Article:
Waunakee overcomes the stigma of autism


Sam Himegarner

Riley Collins, Managing Editor

Though classes begin at 8:15, I more often than not find myself at school as early as 7. Most of the time, I am here early for rehearsal in several musical cocurriculars, which is always an exciting start to the day.

The early mornings are also a well-needed opportunity to fully wake up, as my first class on A days is AP Calculus BC.

My Contact Time destination varies but is often a club or cocurricular meeting; Wednesdays are invariably dedicated to this very newspaper.

My second hour, then, is Physics II; we are currently studying thermodynamics. My final class before lunch is British Literature. As of writing this, we are currently reading the Scottish Play and reenacting its dialogue as a class.

After eating, I end the day with AP Macroeconomics. Attending class is my first choice of what to do during this time, but its opportunity cost is going home and taking a nap.

My B days are equally enriching albeit slower-paced. Classes begin with Engineering Design and Development, where I am working with Cole Fetters and Nathan Ripp to improve desk ergonomics.

After Contact Time, I go to Orchestra. Playing bass is always an enriching and fun experience, and this class is a great opportunity to reduce stress.

Next, I enjoy a leisurely early lunch followed by a study hall. I end the day with Spanish V, where we learn both a language and a culture.

Currently, not many groups have me stay after school, but I stay sometimes for Art Club and other groups. Once I get home, I take a nap before having dinner and then doing my homework. I practice playing bass and occasionally play video games. I end my day by journaling and going to bed. My weekend activities include laying out this very newspaper and simply enjoying the downtime. From my experiences with school, I know firsthand that Waunakee is undoubtedly exceptional when it comes to special education. The district has always allowed me to realize my potential, encouraging me to take rigorous courses alongside my peers.

From a young age, I was placed in general education classrooms with peers who are still my friends to this day. When I took interest in accelerated math classes in first grade, I took a placement test and got accepted.

I have continually had great opportunities since, the idea that autism and success are mutually exclusive never crossing, let alone stopping, my journey. Nobody has seen me as a list of symptoms and deviations to correct, but rather as another student and, more importantly, a person.

Complementary to the school’s program is our community culture. Special educators prioritize and care for students just as general educators do, and both parties are able and willing to communicate not only with each other, but also with the pertinent students and their parents. Waunakee is undoubtedly highly accepting of neurodiversity; I am very grateful for both the district and the community for accepting me.

I understand that the neurodiversity paradigm, which views mental differences as natural variations rather than as illnesses, offends some.

If people feel that mental differences have negatively impacted their own lives, I understand.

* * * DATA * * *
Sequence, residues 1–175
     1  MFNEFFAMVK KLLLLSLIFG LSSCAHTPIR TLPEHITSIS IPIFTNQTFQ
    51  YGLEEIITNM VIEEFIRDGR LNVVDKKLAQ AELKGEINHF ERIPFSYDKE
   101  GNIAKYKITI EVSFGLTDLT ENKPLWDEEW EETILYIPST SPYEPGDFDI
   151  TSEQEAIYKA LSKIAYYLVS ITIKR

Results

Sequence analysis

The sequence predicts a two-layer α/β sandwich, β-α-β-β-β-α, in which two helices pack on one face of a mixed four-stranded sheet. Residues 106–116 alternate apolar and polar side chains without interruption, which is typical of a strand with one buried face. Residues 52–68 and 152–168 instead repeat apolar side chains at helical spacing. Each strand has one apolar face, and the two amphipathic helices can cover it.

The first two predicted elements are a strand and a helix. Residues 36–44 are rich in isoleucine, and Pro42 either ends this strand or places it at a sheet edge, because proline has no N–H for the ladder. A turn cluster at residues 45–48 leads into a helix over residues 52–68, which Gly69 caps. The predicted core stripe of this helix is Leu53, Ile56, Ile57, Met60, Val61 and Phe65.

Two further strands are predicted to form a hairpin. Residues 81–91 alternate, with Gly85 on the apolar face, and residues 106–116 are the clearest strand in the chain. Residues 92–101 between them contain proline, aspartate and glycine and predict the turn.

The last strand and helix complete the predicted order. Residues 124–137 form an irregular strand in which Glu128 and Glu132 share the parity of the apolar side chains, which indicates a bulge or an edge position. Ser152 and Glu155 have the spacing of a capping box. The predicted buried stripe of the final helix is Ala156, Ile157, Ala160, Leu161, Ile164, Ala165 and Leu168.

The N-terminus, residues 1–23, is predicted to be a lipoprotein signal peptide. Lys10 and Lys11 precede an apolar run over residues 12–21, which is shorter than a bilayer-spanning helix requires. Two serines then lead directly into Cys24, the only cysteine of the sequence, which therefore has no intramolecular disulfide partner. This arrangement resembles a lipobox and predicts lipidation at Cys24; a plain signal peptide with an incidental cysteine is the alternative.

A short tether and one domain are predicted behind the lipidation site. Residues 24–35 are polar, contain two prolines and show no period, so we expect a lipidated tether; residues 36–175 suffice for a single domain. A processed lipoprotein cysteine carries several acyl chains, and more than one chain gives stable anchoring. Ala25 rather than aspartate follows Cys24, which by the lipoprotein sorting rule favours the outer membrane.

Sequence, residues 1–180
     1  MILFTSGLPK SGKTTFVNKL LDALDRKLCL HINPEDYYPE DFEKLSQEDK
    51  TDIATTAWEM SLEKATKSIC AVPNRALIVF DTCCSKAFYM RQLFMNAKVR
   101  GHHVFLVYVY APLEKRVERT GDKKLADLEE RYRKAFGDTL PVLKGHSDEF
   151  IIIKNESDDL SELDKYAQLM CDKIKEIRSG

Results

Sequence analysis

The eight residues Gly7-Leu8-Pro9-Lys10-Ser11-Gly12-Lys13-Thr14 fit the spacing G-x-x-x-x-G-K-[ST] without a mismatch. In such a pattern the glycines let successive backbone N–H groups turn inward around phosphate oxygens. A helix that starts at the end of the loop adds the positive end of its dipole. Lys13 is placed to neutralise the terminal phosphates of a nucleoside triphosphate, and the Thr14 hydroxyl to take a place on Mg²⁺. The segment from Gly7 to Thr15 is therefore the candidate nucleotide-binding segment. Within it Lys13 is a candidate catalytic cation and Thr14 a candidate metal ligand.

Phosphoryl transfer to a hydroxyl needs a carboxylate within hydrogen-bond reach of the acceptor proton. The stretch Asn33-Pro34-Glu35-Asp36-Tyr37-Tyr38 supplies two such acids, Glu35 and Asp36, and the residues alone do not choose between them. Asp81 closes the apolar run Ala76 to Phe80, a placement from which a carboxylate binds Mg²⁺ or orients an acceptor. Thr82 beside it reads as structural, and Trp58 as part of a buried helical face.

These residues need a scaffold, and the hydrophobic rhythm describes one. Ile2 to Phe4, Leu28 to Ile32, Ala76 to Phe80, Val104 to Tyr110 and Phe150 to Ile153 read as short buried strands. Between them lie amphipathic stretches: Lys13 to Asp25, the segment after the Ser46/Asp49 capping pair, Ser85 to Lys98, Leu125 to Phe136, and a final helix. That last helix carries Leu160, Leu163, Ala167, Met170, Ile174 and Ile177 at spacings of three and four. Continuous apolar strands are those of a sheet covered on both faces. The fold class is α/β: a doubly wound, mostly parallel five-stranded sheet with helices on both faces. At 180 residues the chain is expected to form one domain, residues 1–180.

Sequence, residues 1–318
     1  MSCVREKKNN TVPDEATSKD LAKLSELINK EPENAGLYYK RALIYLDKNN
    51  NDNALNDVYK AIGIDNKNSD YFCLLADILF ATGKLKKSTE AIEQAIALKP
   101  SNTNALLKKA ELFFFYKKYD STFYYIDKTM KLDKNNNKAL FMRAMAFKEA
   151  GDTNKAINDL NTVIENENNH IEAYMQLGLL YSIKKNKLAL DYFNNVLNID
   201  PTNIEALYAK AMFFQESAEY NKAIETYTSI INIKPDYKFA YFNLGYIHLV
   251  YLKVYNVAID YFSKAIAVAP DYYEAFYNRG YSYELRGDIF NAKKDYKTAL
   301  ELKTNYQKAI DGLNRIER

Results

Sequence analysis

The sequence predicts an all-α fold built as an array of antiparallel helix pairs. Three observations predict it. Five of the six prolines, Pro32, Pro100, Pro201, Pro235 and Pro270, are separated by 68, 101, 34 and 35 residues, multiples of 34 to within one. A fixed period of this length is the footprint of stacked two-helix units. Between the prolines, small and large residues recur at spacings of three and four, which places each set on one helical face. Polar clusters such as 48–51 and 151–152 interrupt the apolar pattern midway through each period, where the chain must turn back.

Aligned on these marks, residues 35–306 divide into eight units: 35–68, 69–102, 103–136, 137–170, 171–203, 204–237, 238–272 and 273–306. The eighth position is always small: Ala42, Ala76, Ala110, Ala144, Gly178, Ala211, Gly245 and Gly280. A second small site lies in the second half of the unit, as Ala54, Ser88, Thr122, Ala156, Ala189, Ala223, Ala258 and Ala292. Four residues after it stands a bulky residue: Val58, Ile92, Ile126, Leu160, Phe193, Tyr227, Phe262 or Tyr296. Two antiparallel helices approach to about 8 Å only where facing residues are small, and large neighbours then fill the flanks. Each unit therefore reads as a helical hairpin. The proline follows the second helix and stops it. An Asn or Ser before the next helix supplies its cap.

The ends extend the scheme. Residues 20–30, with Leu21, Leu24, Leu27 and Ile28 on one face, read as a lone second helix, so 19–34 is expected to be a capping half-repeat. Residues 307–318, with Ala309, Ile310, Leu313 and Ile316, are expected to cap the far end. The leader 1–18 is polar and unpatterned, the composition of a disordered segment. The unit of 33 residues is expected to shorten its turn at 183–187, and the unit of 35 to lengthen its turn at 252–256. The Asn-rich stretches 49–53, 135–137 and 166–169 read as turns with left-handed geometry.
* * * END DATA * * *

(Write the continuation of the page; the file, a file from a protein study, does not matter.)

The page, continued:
When I use the term, I do not intend to trivialize those who have genuinely suffered due to mental differences. All people are entitled to their opinions and to their life experiences, and if they believe medical treatment would benefit them more than acceptance, they may have it.

I choose to embrace neurodiversity because of my own background and experience, but I do not wish to force it upon anybody else.

I am also aware that the term encompasses more than just the autism spectrum, but I am using it as such for the sake of simplicity.

As with many other aspects, Waunakee is ahead of the curve; much of the United States is unfortunately not as tolerant or well-informed of neurodiversity.

An infographic by the Autism Family Center exposes myths surrounding the condition, such misconceptions including the ideas that “autistic individuals are dangerous” and that “there is an autism epidemic.”

Even fiction centered on protagonists with autism appears to conflate the condition with savant syndrome. On the contrary, Darold A. Treffet’s 2009 article “The Savant Syndrome: An Extraordinary Condition. A Synopsis: Past, Present, Future,” reports that as few as 1% of autistic people are actually savants.

The United States is not alone with its stigma; other countries throughout the world also experience fear and misunderstanding of neurodiversity.

Many communities in Korea view autism as a hereditary disorder that injures the affected individual’s entire family. People and governments are actively working to reduce the stigma, though; a 2015 OMICS International article titled “Autism, Stigma, and Achievements of Bangladesh” explores how the government of Bangladesh has worked to reduce stigmas surrounding mental health conditions including autism spectrum.

Groups such as the Interactive Autism Network remind us of Temple Grandin’s observation that neurodiversity is “different, not less,” something that Waunakee’s community already keeps in mind.

In addition to being culturally tolerant of mental differences, the community actively pursues continued awareness with flyers throughout the school celebrating the National Alliance on Mental Illness’s Awareness Week.

Waunakee’s continued dedication to offering equal opportunities to autistic students is admirable, and I am continually grateful for the community’s and the district’s work to provide a positive learning experience and to end the stigma.